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The Cicadas Are Coming!

During late May 2024, periodical cicadas are expected to emerge from the ground in Northern Illinois after 17 years. Cicadas are those huge, super noisy bugs with gigantic red eyes that can reach decibels of a lawn mower or passing jet. Certain types of cicadas are present on a yearly basis, but this brood is expected to be the largest that we’ve experienced in almost two decades.

They have a short lifespan of 4-6 weeks, and during that time, they are busy creating the next generation nymphs that will reappear in the year 2038. Fortunately, cicadas don’t bite or sting, but they can have an effect on young trees and shrubs with smaller branches. Female cicadas look for tender branches that are often found on smaller plant material, where they lay eggs within the branches. When the eggs hatch, the nymphs fall to the ground and burrow down into the soil for another 17 years.

To prevent/reduce stress on these younger plants, be sure to keep them healthy by proper watering and fertilization. Mature trees, flowering perennials and annuals, as well as vegetables will not be impacted.  Some other measures for managing the periodical cicadas that can help are pruning dead or weak branches that can serve as potential egg laying sites, mulching the base of plants to protect from cicada nymphs, monitoring for damage or stress and applying appropriate cultural practices.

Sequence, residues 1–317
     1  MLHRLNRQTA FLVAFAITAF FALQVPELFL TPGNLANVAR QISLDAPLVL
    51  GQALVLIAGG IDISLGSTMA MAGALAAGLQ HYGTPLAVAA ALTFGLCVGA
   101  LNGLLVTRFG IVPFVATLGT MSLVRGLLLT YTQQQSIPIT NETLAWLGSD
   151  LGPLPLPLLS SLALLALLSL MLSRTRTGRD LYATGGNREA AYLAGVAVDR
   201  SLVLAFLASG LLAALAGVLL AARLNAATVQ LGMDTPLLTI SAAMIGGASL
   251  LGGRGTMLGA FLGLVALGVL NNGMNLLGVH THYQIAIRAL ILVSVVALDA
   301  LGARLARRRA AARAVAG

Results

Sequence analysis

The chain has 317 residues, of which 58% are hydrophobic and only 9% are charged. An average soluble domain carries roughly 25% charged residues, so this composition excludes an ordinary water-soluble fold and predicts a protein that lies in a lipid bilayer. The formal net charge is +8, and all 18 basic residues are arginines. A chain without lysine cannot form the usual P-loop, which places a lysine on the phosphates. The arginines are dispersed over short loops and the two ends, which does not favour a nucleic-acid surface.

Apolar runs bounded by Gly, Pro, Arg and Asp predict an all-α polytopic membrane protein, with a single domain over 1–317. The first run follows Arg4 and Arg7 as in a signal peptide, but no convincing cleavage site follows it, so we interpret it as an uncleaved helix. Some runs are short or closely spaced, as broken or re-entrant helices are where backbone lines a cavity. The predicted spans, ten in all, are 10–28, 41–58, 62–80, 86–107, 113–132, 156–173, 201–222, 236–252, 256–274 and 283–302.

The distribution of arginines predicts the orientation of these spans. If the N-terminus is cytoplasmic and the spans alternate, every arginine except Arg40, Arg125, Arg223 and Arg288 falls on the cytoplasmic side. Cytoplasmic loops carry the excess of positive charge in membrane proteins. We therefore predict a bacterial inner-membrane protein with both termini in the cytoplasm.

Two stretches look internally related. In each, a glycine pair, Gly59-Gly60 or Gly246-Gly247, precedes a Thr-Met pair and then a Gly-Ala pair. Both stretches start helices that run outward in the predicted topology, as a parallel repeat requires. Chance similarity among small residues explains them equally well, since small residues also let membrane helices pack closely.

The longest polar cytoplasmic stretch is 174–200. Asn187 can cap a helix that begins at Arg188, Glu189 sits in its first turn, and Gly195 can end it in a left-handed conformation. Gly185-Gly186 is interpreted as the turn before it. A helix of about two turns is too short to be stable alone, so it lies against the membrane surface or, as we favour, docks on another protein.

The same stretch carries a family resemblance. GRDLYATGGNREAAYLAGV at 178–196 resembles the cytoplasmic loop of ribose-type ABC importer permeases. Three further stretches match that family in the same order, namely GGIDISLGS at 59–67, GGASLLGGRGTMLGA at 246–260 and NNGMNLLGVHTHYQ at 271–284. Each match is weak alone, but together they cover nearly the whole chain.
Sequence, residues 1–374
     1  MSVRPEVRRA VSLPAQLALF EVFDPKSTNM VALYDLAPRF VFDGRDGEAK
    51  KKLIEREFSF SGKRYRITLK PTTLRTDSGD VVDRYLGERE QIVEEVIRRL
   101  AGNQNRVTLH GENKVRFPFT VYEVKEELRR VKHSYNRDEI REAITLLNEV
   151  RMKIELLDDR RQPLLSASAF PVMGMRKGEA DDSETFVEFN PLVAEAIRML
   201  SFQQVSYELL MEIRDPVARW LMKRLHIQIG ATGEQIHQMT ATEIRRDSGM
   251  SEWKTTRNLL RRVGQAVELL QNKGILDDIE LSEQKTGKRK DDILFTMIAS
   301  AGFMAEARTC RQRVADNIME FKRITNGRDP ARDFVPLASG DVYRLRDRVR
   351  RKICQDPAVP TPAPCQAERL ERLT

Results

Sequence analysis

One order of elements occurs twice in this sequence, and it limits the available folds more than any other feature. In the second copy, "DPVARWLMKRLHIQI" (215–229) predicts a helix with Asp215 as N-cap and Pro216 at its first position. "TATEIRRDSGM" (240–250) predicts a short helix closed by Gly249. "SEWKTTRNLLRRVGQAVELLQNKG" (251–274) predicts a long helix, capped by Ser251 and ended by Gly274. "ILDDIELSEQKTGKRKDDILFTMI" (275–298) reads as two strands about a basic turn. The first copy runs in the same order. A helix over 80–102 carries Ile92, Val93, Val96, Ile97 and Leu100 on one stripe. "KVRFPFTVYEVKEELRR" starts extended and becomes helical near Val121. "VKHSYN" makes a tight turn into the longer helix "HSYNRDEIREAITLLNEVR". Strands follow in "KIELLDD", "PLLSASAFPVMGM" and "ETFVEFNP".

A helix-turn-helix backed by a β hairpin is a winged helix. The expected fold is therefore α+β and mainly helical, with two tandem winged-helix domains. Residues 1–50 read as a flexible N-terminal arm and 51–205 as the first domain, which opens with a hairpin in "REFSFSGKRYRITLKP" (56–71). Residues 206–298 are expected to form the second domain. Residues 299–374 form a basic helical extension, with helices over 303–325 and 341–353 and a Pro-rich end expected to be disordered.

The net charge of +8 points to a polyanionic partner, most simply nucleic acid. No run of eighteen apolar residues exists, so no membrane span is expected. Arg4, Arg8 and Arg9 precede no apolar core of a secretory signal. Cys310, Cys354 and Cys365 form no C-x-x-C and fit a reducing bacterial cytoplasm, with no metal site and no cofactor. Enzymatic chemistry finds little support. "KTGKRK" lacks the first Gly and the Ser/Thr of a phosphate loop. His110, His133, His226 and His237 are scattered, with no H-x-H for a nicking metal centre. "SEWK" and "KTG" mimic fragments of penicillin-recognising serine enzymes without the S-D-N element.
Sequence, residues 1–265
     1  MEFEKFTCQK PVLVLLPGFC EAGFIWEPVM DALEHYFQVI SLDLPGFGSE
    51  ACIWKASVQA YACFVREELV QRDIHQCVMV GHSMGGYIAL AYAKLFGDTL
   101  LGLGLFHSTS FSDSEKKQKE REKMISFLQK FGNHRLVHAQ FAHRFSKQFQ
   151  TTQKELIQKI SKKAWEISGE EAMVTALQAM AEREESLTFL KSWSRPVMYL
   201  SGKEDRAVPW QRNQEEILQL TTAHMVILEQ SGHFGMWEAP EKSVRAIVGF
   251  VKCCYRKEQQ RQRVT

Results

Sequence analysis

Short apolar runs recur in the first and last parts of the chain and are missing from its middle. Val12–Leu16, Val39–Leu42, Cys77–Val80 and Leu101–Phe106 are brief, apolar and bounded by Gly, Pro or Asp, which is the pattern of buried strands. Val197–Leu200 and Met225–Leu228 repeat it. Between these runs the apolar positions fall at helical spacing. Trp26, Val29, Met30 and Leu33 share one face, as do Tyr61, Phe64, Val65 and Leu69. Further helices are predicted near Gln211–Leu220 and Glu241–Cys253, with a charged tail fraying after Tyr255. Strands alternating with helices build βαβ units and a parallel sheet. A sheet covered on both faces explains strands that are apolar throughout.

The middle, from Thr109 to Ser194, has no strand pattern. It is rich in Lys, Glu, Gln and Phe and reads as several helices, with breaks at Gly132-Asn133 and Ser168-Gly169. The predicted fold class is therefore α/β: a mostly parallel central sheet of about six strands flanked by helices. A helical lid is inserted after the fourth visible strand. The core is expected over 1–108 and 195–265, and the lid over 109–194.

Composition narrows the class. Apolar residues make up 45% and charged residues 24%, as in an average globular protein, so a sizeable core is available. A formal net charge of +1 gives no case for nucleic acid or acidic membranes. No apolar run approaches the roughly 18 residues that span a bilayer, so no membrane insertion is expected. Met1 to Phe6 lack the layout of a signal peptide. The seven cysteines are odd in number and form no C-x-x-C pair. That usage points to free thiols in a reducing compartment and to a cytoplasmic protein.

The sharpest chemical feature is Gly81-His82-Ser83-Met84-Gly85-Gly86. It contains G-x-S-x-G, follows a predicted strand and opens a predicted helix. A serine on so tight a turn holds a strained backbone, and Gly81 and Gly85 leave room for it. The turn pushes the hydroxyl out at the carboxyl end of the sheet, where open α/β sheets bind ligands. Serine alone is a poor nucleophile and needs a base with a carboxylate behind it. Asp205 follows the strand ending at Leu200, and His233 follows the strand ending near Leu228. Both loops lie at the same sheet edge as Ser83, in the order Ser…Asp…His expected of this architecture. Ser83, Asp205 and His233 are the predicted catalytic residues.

In summary, the imminent emergence of periodical cicadas in Northern Illinois marks a natural phenomenon that occurs once every 17 years. While these insects can create quite a buzz with their loud mating calls, they pose no harm to humans and most mature plants. However, younger trees and shrubs may be susceptible to damage from egg-laying females. By ensuring proper care through watering and fertilization, the impact on these plants can be mitigated. So, as we anticipate the spectacle of nature’s remarkable cycle, let’s embrace the wonder of this event and take proactive measures to nurture and protect our local landscapes.